Search results for 'Art appreciation' (try it on Scholar)

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  1.  31
    Nicolas J. Bullot & Rolf Reber (2013). The Artful Mind Meets Art History: Toward a Psycho-Historical Framework for the Science of Art Appreciation. Behavioral and Brain Sciences 36 (2):123-180.
    Research seeking a scientific foundation for the theory of art appreciation has raised controversies at the intersection of the social and cognitive sciences. Though equally relevant to a scientific inquiry into art appreciation, psychological and historical approaches to art developed independently and lack a common core of theoretical principles. Historicists argue that psychological and brain sciences ignore the fact that artworks are artifacts produced and appreciated in the context of unique historical situations and artistic intentions. After revealing flaws (...)
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  2.  16
    Tone Roald (2008). Toward a Phenomenological Psychology of Art Appreciation. Journal of Phenomenological Psychology 39 (2):189-212.
    Experiences with art have been of longstanding concern for phenomenologists, yet the psychological question of the appearing of art appreciation has not been addressed. This article attends to this lack, exemplifying the merits of a phenomenological psychological investigation based on three semi-structured interviews conducted with museum visitors. The interviews were subjected to meaning condensation as well as to descriptions of the first aesthetic reception, the retrospective interpretation, and the “horizons of expectations” included in the meeting with art. The findings (...)
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  3. Richard Francis, Homi K. Bhabha, Yve Alain Bois & Museum of Contemporary Art (1996). Negotiating Rapture the Power of Art to Transform Lives.
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  4. Matthew Kieran (2010). The Vice of Snobbery: Aesthetic Knowledge, Justification and Virtue in Art Appreciation. Philosophical Quarterly 60 (239):243-263.
    Apparently snobbery undermines justification for and legitimacy of aesthetic claims. It is also pervasive in the aesthetic realm, much more so than we tend to presume. If these two claims are combined, a fundamental problem arises: we do not know whether or not we are justified in believing or making aesthetic claims. Addressing this new challenge requires an epistemological story which underpins when, where and why snobbish judgement is problematic, and how appreciative claims can survive. This leads towards a virtue-theoretic (...)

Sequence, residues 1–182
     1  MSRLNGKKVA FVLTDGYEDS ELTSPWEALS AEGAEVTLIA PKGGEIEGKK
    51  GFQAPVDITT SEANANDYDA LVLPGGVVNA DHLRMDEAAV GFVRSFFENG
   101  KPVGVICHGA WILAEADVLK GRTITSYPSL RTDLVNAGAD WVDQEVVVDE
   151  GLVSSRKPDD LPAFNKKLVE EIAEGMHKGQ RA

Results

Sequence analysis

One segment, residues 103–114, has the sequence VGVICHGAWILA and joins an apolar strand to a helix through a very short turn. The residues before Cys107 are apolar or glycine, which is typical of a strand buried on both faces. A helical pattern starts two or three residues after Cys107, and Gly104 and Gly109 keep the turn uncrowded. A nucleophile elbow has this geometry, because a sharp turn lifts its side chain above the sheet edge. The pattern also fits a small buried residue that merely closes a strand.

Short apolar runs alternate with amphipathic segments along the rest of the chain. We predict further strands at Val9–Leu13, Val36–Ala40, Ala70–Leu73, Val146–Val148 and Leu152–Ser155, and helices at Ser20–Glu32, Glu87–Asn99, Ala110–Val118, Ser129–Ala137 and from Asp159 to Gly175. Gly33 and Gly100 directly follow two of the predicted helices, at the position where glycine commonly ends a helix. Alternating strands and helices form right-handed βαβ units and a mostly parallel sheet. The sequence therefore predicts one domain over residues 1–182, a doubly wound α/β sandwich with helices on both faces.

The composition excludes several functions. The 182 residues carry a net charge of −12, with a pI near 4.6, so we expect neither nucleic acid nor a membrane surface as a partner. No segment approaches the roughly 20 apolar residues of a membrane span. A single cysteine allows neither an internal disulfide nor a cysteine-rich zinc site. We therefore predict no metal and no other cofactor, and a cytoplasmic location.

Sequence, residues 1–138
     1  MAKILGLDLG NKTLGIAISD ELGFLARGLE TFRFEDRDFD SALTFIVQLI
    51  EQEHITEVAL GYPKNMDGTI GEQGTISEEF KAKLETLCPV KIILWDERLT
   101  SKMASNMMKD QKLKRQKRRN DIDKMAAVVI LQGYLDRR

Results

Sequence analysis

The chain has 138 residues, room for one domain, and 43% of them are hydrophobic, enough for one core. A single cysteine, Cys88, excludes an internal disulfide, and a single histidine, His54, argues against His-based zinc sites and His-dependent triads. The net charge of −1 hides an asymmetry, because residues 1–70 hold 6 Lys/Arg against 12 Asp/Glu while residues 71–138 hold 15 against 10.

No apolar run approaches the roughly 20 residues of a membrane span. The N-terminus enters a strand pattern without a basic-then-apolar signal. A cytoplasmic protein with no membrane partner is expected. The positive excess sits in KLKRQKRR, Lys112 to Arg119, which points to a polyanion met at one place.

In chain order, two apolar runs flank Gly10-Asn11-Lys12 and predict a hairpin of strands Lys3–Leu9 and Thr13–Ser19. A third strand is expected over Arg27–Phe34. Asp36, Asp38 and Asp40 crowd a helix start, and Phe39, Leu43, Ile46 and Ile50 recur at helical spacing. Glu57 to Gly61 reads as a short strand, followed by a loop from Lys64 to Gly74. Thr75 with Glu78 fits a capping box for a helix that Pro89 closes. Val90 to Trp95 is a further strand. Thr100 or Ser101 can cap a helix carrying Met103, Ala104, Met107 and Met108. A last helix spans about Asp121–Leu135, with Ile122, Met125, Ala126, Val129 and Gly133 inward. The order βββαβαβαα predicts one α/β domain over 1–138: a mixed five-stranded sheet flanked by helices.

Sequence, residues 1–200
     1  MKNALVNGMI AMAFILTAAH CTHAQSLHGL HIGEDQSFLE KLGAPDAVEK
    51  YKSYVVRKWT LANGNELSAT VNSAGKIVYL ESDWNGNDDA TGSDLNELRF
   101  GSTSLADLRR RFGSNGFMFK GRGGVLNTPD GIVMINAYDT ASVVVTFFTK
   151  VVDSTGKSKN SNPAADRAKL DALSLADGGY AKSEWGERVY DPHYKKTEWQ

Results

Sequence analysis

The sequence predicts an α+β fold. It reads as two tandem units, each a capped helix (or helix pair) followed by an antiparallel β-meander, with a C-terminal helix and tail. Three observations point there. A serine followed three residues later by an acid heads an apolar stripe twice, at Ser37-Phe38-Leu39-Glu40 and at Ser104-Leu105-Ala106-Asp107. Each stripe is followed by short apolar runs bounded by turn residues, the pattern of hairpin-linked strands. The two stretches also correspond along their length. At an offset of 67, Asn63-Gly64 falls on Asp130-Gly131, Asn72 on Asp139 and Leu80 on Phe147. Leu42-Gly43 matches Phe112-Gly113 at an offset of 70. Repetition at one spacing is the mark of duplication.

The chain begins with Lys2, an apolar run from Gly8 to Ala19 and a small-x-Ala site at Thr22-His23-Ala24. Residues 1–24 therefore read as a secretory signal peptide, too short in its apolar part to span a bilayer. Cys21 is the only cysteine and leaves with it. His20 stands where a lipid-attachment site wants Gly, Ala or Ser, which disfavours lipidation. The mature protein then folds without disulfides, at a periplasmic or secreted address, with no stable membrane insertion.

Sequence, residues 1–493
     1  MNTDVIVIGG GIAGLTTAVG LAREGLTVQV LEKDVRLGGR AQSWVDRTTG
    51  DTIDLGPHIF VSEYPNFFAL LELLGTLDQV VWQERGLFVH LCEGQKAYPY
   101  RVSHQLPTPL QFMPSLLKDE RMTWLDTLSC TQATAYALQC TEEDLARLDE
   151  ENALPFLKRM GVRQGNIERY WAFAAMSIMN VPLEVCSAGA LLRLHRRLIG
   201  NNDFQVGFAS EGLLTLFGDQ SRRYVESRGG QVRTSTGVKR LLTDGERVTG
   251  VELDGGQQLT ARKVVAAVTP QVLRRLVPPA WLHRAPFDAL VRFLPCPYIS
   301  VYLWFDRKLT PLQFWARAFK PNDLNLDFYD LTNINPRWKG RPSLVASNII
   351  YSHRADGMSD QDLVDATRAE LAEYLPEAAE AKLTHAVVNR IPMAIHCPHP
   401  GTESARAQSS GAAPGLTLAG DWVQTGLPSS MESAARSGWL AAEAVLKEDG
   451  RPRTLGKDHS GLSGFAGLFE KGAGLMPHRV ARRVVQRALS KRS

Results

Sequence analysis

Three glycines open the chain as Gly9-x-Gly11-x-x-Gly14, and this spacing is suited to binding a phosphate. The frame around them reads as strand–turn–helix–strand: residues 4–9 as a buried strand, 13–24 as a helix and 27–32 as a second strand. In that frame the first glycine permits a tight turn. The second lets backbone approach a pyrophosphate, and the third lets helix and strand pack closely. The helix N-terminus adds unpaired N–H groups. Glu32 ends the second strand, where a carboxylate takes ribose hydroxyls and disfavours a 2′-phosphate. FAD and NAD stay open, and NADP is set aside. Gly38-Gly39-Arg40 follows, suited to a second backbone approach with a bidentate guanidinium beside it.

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  5.  8
    Shigeko Takahashi & Yoshimichi Ejima (2013). Contextual Information Processing of Brain in Art Appreciation. Behavioral and Brain Sciences 36 (2):158-159.
    A psycho-historical framework for the science of art appreciation will be an experimental discipline that may shed new light on the highest capacities of the human brain, yielding new scientific ways to talk about the art appreciation. The recent findings of the contextual information processing in the human brain make the concept of the art-historical context clear for empirical experimentation.
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  6.  5
    Glenn Parsons & Allen Carlson (2013). Distinguishing Intention and Function in Art Appreciation. Behavioral and Brain Sciences 36 (2):153 - 154.
    We applaud Bullot & Reber's (B&R's) attempt to encompass the function of artworks within their psycho-historical model of art appreciation. However, we suggest that in order to fully realize this aim, they require a clearer distinction between an artist's intentions toward an artwork and its proper functions. We also show how such a distinction improves the internal coherence of their model.
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  7.  2
    William Forde Thompson & Mark Antliff (2013). Bridging Two Worlds That Care About Art: Psychological and Historical Approaches to Art Appreciation. Behavioral and Brain Sciences 36 (2):159-160.
    Art appreciation often involves contemplation beyond immediate perceptual experience. However, there are challenges to incorporating such processes into a comprehensive theory of art appreciation. Can appreciation be captured in the responses to individual artworks? Can all forms of contemplation be defined? What properties of artworks trigger contemplation? We argue that such questions are fundamental to a psycho-historical framework for the science of art appreciation, and we suggest research that may assist in refining this framework.
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  8. Mulk Raj Anand (1963). The Third Eye a Lecture on the Appreciation of Art. Published for the University of Punjab by D.C. Sharma.
     
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  9. John Armstrong (1996). Looking at Pictures an Introduction to the Appreciation of Art.
     
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  10. Patrick Carpenter (1971). Art and Ideas: An Approach to Art Appreciation. London,Mills and Boon.
     
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  11. Daniel Shaw (2000). A Philosophical Account of the Nature of Art Appreciation. Monograph Collection (Matt - Pseudo).